The new Barbie doll of journalist and activist Ida B. Wells.
I had a Skipper and a Scooter. I wish I could have had an Ida B. -dayle
Journalist Ida B. Wells is commemorated with a Barbie doll for fearless activism
by Elizabeth Blair
Educator, journalist, anti-lynching activist and NAACP co-founder Ida B. Wells joins the pantheon of distinguished women honored by Mattel with her own signature Barbie doll. Resplendent in a deep blue, floor-length dress with lace details, the new Ida B. Wells doll also comes with a historically significant accessory: a miniature replica of the Memphis Free Speech, the newspaper where Wells became editor and co-owner in 1889.
Mattel has created numerous Barbie dolls to honor both historic and contemporary heroines in the hopes of inspiring “generations of girls to dream bigger than ever before.” It’s Inspiring Women Series includes dolls dedicated to Maya Angelou, NASA mathematician Katherine Johnson and singer Ella Fitzgerald.
The oldest of eight children, Ida B. Wells was born into slavery in Holly Springs, Miss., in 1862. When she was 16, both of her parents and a younger brother died during the yellow fever epidemic. Wells raised her younger siblings and became a teacher to support her family.
Daniel and Michelle Duster attend the dedication of a monument to their great-grandmother, journalist, educator, and civil rights leader, Ida B. Wells in Chicago last year.
Scott Olson/Getty Images
“I am honored that Barbie has chosen to celebrate my great-grandmother, Ida B. Wells, as part of its Inspiring Women Series,” says Michelle Duster, author, public historian, and great-granddaughter of Ida B. Wells in a statement. “My great-grandmother was a trailblazer, who courageously followed her convictions and challenged the status quo by fighting for civil rights and women’s suffrage. This is an incredible opportunity to shine a light on her truth and enduring legacy to empower a new generation to speak up for what they believe in.”
A pivotal moment in Wells’ life came in 1883 when she was traveling by train from Memphis to Woodstock, Tenn., where she was a teacher. When she refused to give up her seat and ride in a segregated car, she was forcibly removed. Wells later sued the Chesapeake, Ohio and Southwest Railroad Co. A local court ruled in her favor but the decision was eventually overturned in federal court.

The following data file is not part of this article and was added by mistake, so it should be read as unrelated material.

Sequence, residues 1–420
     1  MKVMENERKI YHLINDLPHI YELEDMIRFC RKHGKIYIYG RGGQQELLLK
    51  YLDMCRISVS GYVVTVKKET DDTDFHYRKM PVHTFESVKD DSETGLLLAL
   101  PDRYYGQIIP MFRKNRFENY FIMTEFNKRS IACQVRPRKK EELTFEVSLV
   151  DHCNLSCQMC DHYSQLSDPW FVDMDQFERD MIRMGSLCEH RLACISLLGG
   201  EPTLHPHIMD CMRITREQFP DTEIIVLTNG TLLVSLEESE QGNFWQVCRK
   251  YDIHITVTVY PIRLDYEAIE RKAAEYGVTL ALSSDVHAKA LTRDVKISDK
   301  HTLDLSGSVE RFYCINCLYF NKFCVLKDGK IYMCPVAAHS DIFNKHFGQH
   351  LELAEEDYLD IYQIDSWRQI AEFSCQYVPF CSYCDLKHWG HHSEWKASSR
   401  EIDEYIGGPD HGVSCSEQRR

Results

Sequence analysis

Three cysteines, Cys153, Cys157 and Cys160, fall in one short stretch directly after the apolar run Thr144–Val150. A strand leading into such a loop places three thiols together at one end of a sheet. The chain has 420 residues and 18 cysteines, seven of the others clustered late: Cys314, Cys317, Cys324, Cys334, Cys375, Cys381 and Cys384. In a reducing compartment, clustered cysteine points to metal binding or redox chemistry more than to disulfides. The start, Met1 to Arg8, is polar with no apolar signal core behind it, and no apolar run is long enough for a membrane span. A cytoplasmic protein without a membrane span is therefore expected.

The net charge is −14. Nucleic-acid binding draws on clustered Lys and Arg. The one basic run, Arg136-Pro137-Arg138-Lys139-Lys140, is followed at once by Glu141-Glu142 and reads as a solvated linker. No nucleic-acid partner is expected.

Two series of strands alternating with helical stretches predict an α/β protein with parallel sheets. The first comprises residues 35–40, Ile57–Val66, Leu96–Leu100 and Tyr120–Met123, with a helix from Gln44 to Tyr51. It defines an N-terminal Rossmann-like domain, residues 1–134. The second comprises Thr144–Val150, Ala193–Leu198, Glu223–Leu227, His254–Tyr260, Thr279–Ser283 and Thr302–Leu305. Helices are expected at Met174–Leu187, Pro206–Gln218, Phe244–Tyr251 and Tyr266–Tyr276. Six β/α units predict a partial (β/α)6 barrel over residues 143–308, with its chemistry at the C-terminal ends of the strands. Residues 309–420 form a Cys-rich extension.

Wells became a fierce anti-lynching activist. She investigated white mob violence and wrote scathing indictments of the lynchings of Black men. Her articles so angered locals, the offices of the Memphis Free Speech were destroyed.
In the preface to her 1892 pamphlet Southern Horrors: Lynch Laws In All Its Phases, Wells wrote, “It is with no pleasure I have dipped my hands in the corruption here exposed. Somebody must show that the Afro-American race is more sinned against than sinning, and it seems to have fallen on me to do so.”
Alice Paul makes a toast to Tennessee’s ratification of the 19th Amendment to the U.S. Constitution giving women the right to vote, August 18th, 1920. The banner beside her was displayed outside the National Women’s Suffrage Party Washington DC, headquarters. [AP]
‘There will never be a new world order until women are a part of it.’ Alice Stokes Paul [1885 – 1977] was an American suffragist, feminist, women’s rights activist, and one of the main leaders/strategists of the campaign for the #19th Amendment to the U.S. Constitution.
Why Minneapolis Was the Breaking Point
Black men and women are still dying across the country. The power that is American policing has conceded nothing.
Seventeen-year-old Darnella Frazier was on her way out the door to a Memorial Day bonfire on the other side of town when her 9-year-old cousin made a request: Would Frazier walk her to a nearby store? Of course, Frazier replied.
She and her cousin were on their way back home, at the corner of 38th and Chicago, just south of downtown, when Frazier spotted a distraught man sprawled on the pavement. A pile of police officers was holding him down. At least one of the cops seemed to be on top of the man’s neck.
Frazier pulled out her cellphone and hit Record.
Within hours, the whole world had seen the video: Minneapolis police officer Derek Chauvin driving his knee into the neck of 46-year-old George Floyd, not only until Floyd died but for minutes after his life had been extinguished. What came next was a national crisis.
When I first sat down to begin writing this story, parts of many American cities were on fire and police officers in dozens of places were committing indiscriminate acts of violence—unleashing tear gas, rubber bullets, and worse—against the citizenry they had sworn an oath to serve and protect. Elected officials were pleading for peace as parts of their cities burned and the nation, watching in real time on television, asked “Why?”